The Roman Catholic Church had, Calvin admitted, preserved the Word and Sacraments, so that one could come to know God truly in the Catholic Church. But the Word and Sacraments had been so shrouded by layers of tradition and distracting ceremony that Christ could be perceived only with difficulty. Calvin charged, in short, that Roman Catholicism taught people to look for God in all the wrong places.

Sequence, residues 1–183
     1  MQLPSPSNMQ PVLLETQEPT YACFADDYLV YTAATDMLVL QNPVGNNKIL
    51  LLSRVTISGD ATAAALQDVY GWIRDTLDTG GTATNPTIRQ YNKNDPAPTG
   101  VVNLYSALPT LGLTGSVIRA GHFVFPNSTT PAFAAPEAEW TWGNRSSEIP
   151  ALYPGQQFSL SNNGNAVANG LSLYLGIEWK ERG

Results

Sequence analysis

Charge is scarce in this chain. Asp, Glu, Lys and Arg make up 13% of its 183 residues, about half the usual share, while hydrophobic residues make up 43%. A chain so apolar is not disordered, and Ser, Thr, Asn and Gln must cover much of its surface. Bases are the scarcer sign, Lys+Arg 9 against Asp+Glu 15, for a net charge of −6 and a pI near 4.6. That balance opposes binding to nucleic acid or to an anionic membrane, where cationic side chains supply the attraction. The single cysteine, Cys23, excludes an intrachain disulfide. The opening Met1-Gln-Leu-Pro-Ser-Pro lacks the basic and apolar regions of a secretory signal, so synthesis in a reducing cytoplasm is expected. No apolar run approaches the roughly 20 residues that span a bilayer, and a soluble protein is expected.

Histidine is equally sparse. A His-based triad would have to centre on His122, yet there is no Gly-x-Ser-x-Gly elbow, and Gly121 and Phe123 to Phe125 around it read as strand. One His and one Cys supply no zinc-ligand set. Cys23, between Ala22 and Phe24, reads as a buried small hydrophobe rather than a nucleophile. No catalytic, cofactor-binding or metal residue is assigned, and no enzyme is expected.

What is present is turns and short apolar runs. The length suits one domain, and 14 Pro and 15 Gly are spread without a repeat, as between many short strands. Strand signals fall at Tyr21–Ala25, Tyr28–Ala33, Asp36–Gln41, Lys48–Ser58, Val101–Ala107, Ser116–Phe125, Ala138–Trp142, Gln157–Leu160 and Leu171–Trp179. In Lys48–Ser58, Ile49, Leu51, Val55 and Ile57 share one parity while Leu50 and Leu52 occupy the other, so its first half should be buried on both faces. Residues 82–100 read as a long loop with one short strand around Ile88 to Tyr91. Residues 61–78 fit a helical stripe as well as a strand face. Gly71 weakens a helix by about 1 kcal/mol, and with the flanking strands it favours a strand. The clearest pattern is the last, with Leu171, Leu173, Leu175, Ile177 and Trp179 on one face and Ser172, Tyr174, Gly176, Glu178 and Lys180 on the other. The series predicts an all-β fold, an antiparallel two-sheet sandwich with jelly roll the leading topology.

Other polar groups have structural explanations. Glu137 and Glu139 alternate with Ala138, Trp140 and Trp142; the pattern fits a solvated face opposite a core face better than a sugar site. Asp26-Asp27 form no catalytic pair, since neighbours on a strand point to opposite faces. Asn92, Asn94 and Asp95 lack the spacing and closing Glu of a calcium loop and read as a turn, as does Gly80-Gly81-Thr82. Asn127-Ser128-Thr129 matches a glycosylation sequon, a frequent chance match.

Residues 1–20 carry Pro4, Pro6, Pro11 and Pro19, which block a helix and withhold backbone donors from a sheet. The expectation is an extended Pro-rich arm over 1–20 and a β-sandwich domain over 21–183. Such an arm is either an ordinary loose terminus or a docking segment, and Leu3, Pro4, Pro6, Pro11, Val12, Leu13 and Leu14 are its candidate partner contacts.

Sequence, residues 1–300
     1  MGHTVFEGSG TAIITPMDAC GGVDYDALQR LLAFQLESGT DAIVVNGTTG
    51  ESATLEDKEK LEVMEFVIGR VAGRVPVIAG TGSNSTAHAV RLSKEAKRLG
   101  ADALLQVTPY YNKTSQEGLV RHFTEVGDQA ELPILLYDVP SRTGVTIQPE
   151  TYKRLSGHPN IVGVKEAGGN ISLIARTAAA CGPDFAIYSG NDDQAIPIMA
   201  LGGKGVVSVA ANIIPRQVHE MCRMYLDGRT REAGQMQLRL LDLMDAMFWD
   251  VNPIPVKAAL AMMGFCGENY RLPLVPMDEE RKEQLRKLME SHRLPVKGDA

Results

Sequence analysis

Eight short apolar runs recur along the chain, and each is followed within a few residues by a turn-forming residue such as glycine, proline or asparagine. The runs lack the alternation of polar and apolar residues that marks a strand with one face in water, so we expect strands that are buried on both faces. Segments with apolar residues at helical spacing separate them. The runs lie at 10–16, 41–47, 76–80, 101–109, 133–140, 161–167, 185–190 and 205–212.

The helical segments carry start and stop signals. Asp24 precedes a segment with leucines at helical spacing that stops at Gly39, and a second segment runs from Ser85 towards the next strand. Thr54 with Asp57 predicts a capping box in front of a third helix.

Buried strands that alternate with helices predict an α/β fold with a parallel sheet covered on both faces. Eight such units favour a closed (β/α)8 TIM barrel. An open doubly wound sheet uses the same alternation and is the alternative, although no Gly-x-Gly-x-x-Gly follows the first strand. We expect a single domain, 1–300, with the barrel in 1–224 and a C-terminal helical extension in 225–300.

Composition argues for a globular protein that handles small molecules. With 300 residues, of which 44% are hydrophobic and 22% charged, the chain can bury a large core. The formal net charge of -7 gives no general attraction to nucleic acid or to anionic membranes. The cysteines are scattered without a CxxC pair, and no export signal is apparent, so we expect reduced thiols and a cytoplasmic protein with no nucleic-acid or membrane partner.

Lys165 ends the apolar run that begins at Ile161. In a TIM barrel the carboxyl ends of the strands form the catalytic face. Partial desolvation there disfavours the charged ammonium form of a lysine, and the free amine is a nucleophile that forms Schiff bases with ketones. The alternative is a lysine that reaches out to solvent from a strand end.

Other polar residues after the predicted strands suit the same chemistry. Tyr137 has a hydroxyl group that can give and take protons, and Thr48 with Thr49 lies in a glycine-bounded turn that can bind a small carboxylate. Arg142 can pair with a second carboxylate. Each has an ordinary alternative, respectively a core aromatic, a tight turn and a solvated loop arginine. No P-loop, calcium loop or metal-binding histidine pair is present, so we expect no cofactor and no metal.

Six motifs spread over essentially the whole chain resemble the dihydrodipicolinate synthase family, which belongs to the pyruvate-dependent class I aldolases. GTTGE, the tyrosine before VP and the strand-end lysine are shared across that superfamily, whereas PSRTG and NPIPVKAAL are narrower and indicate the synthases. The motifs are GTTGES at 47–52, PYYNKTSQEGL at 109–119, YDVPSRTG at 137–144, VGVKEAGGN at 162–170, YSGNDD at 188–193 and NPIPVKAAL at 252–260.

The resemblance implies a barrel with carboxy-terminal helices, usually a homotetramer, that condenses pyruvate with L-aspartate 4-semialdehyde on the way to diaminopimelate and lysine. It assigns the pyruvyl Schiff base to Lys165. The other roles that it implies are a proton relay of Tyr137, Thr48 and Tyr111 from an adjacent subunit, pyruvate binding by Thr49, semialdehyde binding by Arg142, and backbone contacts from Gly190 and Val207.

How many layers of tradition and "distracting ceremony" are sufficient to justify schism? One layer? Two? Three? Leithart does not answer that question. But it is the wooly mammoth in the room. And how does one measure the number of layers of tradition? Of course one cannot. Hence in practice the schism-warranting 'number' of layers is whatever seems to the individual like too much tradition. When do the statements "I shall make a schism", or "I shall remain in schism" become justified? As long as we avoid those two questions we can seem (to ourselves at least) to be justified in making a schism simply by pointing to problems in the Church. (And there is no shortage of such problems.) But any problems in the Church that do not justify schism should not be mentioned in this article, for in that case they are red herrings. As for the claim that the Catholic Church taught people "to look for God in all the wrong places", this statement assumes that Christ is not found in the Church's sacraments. (If Leithart thinks that there are some particular Catholic ceremonies in which we should not expect to find Christ, I wish he would make those explicit. Staying at the level of generalizations makes it easy to broad brush without needing to substantiate his claims.) Leithart's appeal to Calvin implies that Calvin has some ecclesial authority, and that we should listen to him. But from a Catholic point of view, Calvin had no ecclesial authority, having never received sacramental orders. His opinions about what are the right and wrong places to find Christ are no more authoritative than those of any other non-Catholic. So again, Leithart's use of Calvin here begs the question regarding sacramental magisterial authority. Leithart's reasoning throughout this article is based on the assumption that there is no sacramental magisterial authority. But that is the very heart of the division between Catholics and Protestants, and therefore it should be the focus of his article.